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To Joseph Hopkinson

     I hasten, my dear Sir, to answer your favor of the 20th recd. yesterday.

     My opinion has always been, that the evidence required by the 3d Sect. of the fugitive Act was not intended to be restrained by the strict rules which govern in ordinary cases where personal rights form the subject of a trial. I have supposed that the fugitive being first proved to be a slave by evidence satisfactory to the Judge, as for example that the reputed female parent had been held in slavery, or that the fugitive was so at the time of his elopement, the evidence that the fugitives does, owe service or labor to the person claiming himis sufficient, if it conform literally to the requirements of this section.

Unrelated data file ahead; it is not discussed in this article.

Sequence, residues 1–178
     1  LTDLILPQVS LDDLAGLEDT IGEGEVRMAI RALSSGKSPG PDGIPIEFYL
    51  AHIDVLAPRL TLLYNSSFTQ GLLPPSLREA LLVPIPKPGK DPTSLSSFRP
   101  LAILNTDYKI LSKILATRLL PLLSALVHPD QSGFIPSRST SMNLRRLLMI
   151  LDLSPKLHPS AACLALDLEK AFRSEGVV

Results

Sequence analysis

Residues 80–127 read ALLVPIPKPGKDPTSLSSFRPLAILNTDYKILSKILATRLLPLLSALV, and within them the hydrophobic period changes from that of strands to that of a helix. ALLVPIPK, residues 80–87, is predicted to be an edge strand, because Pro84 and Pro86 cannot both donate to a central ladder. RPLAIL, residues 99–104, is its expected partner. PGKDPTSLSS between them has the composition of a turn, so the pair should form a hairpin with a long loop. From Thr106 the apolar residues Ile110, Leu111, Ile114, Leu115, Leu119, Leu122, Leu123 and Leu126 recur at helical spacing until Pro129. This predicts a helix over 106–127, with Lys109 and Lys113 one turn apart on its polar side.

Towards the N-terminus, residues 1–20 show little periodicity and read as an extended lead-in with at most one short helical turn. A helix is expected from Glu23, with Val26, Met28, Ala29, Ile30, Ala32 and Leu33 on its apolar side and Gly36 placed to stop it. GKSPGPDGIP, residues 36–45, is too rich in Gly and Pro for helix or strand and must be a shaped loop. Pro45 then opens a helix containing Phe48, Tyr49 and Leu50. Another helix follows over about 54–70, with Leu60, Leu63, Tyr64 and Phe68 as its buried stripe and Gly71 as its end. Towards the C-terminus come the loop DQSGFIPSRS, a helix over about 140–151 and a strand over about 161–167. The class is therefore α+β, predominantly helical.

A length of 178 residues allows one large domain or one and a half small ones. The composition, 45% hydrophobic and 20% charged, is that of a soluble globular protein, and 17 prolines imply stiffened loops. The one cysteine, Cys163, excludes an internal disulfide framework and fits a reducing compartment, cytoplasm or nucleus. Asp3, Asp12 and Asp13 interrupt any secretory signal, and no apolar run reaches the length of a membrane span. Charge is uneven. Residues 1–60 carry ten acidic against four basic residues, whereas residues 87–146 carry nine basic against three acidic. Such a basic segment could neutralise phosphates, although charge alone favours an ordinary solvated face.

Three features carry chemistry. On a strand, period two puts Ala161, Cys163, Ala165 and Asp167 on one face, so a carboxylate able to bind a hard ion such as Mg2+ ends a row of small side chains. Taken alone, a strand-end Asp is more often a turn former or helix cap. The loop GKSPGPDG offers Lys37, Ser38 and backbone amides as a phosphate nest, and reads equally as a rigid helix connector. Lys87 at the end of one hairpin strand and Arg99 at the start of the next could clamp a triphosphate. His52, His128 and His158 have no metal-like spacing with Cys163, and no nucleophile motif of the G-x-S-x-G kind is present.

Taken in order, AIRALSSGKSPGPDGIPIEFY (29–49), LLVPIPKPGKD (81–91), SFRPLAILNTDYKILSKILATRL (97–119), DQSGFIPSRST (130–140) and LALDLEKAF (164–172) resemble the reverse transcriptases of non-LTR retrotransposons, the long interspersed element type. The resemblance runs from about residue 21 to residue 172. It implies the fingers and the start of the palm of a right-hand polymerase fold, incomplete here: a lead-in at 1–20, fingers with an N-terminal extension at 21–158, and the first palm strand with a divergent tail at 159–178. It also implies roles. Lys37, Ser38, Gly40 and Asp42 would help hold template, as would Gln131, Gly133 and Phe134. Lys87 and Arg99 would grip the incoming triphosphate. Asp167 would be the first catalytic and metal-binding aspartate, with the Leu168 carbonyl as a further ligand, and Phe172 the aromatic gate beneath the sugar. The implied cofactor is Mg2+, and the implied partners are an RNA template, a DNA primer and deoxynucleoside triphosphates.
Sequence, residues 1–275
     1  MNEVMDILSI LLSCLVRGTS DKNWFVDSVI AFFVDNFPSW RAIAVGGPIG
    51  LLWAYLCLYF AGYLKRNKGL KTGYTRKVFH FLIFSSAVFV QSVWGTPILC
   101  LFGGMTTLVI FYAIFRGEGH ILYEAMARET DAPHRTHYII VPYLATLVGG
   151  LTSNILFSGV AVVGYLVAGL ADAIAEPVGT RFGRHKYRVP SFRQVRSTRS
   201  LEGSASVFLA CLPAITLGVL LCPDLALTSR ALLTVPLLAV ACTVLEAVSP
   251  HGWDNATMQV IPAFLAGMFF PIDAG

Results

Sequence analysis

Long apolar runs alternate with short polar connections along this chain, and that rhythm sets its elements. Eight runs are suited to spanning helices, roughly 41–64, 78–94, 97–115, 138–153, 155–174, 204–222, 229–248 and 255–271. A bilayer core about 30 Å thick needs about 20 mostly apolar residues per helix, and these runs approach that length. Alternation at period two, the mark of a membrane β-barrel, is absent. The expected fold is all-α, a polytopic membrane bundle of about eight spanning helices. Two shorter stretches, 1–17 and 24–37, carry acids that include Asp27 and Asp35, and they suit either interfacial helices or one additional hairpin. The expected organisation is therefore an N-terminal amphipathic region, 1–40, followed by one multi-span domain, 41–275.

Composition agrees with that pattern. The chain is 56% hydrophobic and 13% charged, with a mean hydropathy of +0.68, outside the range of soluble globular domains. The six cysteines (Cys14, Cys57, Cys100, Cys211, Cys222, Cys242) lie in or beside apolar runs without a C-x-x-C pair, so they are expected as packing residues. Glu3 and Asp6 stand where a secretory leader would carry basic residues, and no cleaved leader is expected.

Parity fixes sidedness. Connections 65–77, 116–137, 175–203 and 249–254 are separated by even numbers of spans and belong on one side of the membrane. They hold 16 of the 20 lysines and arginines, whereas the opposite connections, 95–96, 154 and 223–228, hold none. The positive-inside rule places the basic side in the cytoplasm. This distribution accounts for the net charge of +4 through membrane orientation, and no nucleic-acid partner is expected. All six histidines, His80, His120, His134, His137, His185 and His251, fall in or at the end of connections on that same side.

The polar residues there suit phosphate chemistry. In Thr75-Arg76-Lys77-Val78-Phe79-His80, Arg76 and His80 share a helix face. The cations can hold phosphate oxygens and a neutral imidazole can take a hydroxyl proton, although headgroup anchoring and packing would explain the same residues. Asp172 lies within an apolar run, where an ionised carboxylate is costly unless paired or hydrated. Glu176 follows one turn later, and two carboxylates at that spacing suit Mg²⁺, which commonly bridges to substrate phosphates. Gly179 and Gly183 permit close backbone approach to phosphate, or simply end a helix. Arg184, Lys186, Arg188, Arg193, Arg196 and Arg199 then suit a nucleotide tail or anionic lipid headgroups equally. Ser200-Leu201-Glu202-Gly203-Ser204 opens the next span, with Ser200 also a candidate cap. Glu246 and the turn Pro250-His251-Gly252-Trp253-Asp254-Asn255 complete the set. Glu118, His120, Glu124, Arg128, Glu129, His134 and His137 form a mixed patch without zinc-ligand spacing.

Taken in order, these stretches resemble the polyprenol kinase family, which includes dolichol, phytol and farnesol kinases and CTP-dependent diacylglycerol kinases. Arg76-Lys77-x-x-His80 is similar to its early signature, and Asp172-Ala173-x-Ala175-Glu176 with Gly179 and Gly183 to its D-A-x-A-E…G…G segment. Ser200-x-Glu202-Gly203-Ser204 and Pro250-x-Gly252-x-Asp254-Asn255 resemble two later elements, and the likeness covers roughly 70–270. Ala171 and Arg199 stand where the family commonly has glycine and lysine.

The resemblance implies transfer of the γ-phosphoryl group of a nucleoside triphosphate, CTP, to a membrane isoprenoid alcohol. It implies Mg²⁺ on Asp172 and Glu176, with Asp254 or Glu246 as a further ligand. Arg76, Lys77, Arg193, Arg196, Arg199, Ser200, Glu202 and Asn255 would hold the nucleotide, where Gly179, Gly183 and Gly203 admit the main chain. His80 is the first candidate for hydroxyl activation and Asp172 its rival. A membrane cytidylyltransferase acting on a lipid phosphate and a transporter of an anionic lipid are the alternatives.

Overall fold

Your opinion respecting notice corresponds precisely with mine, and for the reason you assign, which applies I think, to all the other technical rules of evidence. The language of the Sect. seems to me to be imperative on the Judge, that the fact of service due to the claimant being proved by affidavit or oral testimony, the certificate shall be given. The enquiry before the Judge is of course summary, and the sole object of it is to decide the question of removal. His Judgment, or order, decides no right, either of the fugitive or of third persons claiming title to him. my opinion of course is, that ex parte affadavits were intended by the law, and that the ownership of the claimant may be proved by them, or by oral testimony, without producing the written evidences of title. Believe me to be, my dear Sir, most truly yr Affect. friend

Bush. Washington

Source Note

ALS, PHi: Hopkinson Family Papers.